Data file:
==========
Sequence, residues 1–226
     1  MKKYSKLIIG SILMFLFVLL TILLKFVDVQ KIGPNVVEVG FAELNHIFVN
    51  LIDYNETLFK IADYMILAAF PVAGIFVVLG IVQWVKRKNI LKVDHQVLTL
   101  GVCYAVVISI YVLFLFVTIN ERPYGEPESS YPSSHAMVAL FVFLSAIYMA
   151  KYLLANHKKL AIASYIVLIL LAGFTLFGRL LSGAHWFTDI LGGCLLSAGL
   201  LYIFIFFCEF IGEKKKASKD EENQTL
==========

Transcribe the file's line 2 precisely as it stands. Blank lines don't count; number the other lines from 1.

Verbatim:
     1  MKKYSKLIIG SILMFLFVLL TILLKFVDVQ KIGPNVVEVG FAELNHIFVN